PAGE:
While the pandemic affected her work as an educator and physician, it also affected her personally when she tested positive for COVID-19. She later shared her experience as a COVID-19 survivor in a virtual talk organized by SUMSA.

Ursos is a leader with the heart of a volunteer. It may not be surprising that she has been chosen as the new director of the Office of Community Engagement and Service Learning, as someone who has worked with communities in her entire career.

Ursos finds that it is easy to commit to something you genuinely love doing. It’s the reason why she finds fulfillment in community service and public health. At the core of the things she does, she says she just wants to help improve the lives of others. As a medical doctor and educator who continues to find ways to help communities improve and protect their health, she brings others along with her and “infects” them with the same drive for service that she has.

Through her leadership and by sharing her expertise, she instills in future doctors the value of mutual cooperation and compassion; exactly the heart of public health. Her continued work with communities equips others with the knowledge and skills needed to protect their health and contributes to the improvement of public health services.

This is what happens #WhenWomenLead in Silliman University.

In the following interview with Dr. Ursos, she talked about how the pandemic affected her work as a medical doctor and faculty member at SUMS, recent achievements of the SUMSA, and her vision for OCESL as its new director. She also shared advice on how women can take care of their well-being and support other women during the pandemic:

Tell us about your experience as a practicing medical doctor during this pandemic. How has the pandemic affected your work?


As a medical doctor, I also have my own fears and uncertainties as I perceive this pandemic. The fear of affecting the well-being of my family, my workers in the house, co-workers in the hospital, and our medical students by contracting the COVID-19 infection if not being provided with adequate PPEs and proper implementation of local health and safety protocols.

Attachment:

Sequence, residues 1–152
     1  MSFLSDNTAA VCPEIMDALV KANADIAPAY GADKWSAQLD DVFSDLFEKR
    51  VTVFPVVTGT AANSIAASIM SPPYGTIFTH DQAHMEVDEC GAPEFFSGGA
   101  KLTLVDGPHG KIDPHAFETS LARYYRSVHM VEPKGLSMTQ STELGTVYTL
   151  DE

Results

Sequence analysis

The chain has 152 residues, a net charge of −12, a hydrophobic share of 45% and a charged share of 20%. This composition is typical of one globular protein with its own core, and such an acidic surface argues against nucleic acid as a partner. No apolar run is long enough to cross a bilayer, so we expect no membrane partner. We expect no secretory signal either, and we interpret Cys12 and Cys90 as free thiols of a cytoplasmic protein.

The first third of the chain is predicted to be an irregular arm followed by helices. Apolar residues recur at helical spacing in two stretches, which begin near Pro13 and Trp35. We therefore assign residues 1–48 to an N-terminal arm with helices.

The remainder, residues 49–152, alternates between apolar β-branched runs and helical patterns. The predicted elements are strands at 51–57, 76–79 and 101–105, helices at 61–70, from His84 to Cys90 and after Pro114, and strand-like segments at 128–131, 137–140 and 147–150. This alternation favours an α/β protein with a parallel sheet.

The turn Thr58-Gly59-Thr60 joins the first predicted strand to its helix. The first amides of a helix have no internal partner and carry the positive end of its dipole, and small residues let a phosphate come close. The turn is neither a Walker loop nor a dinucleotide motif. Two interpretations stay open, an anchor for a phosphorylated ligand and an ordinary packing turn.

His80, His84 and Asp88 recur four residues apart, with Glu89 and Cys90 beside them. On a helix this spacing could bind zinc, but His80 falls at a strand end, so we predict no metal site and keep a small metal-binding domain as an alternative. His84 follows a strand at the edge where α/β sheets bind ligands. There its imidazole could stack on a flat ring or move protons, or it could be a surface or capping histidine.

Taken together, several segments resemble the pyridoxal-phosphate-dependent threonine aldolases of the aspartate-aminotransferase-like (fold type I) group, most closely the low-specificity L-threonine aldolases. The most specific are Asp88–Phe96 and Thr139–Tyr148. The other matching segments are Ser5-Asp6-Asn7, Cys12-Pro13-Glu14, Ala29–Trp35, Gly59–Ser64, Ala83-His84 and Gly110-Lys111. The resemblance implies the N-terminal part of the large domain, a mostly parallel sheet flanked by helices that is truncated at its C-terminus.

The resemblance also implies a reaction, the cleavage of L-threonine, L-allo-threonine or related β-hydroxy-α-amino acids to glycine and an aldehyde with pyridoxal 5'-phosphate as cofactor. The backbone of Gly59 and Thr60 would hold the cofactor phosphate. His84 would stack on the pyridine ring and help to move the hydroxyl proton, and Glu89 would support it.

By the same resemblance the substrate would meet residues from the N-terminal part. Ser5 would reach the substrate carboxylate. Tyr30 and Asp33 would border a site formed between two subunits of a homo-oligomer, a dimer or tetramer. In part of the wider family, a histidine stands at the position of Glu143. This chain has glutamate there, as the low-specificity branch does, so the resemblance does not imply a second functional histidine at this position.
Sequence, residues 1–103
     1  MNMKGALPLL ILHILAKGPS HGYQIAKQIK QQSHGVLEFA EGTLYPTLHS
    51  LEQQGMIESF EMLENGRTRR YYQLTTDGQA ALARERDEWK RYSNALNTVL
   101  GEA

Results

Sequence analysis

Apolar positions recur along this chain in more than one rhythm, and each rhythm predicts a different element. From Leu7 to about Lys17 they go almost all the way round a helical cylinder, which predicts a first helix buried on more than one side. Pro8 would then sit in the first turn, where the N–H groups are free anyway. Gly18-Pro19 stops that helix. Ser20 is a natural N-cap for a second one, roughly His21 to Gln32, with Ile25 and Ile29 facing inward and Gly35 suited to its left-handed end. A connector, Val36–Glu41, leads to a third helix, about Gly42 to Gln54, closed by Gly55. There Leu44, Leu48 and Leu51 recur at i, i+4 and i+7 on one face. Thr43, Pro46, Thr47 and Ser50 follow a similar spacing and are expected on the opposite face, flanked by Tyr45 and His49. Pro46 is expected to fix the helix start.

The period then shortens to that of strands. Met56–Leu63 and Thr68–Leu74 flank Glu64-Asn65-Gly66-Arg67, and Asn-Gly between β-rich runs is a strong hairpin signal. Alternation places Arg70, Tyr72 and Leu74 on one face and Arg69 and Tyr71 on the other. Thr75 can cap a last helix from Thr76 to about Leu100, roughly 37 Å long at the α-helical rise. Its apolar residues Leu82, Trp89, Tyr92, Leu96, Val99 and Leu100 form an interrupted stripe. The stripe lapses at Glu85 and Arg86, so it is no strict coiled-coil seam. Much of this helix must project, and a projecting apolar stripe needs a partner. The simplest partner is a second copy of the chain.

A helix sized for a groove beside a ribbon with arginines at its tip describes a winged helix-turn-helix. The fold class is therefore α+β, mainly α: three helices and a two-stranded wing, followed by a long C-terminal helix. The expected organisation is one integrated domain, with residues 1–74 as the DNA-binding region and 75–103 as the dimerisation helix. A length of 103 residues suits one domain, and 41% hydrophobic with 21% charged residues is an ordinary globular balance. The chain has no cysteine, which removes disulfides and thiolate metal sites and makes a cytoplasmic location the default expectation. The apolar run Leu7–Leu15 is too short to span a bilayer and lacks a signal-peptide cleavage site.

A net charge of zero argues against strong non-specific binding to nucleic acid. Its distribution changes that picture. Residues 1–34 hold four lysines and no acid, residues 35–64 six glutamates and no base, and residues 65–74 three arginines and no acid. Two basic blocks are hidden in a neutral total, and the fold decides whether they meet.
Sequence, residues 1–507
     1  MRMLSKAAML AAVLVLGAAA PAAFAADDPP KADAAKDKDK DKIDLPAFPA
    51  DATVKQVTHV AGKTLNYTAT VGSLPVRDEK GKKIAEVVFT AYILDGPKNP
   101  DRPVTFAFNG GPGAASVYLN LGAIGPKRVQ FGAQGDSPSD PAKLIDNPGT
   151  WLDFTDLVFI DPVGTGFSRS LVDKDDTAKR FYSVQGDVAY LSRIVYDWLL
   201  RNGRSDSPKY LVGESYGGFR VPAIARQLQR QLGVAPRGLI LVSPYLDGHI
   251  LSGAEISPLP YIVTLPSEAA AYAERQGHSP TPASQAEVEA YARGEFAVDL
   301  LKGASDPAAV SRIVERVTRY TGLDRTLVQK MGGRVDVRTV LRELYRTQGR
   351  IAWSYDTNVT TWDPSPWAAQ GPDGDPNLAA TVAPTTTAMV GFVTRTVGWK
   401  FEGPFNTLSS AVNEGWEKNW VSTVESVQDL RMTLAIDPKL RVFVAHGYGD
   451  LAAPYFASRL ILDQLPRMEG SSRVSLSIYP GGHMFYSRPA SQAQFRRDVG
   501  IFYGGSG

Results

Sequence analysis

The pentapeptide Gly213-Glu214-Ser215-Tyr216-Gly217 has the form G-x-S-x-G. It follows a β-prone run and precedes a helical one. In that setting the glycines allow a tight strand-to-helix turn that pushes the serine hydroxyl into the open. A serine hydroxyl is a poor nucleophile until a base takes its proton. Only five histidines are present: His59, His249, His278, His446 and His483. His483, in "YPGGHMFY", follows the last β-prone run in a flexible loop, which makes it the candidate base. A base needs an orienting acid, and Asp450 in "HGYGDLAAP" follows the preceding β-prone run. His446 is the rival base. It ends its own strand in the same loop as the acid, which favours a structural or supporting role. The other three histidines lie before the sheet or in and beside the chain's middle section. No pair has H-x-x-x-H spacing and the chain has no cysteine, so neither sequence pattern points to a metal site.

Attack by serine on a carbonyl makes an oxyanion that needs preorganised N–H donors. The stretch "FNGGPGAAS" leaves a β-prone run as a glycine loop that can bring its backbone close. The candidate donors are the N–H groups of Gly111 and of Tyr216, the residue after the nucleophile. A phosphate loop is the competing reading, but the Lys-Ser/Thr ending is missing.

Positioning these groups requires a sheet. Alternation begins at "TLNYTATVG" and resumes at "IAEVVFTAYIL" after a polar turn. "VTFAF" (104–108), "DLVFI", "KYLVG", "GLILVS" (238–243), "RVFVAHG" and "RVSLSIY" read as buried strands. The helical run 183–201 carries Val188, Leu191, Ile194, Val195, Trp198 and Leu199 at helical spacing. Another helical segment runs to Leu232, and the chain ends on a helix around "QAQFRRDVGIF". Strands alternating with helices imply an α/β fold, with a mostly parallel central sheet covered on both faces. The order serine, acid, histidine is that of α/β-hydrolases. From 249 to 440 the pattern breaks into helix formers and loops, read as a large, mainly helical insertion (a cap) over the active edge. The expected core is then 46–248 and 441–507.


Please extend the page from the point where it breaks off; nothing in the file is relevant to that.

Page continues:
[We had] to readjust our clinic schedule to accommodate patient consultation and follow-up, especially with our TB (tuberculosis) patients, in order to make sure that they will not miss taking their medications and clinic visits regularly. My community work and different activities were also suspended when we already had community transmissions identified.

Being a department head, member of the Infectious Control Committee (ICC), as a COVID-19 Occupational Safety and Health (COSH) board member, and as an SUMC Vaccine “Resoaking” Member rolled into one, I have to coordinate and participate with the different committees and hospital departments to make sure that the hospital personnel are risk-free from getting COVID-19 infection. Also, as the coordinator of the Postgraduate Internship Program of the hospital, I have to make sure that the interns are protected from getting the infection. As a whole, all of us experience inconvenience in our daily work.


How were you able to overcome these challenges?

As a medical doctor, I am able to overcome these challenges by following the health and safety protocols such as wearing masks, face shields, washing of hands, social distancing, and avoidance of large indoor and outdoor gatherings, especially in restaurants to help stop the transmission of the virus. We have to follow DOH and LGU health and safety guidelines and policies. As law-abiding citizens in this community, we have to coordinate and collaborate with local authorities and strictly follow their advisories.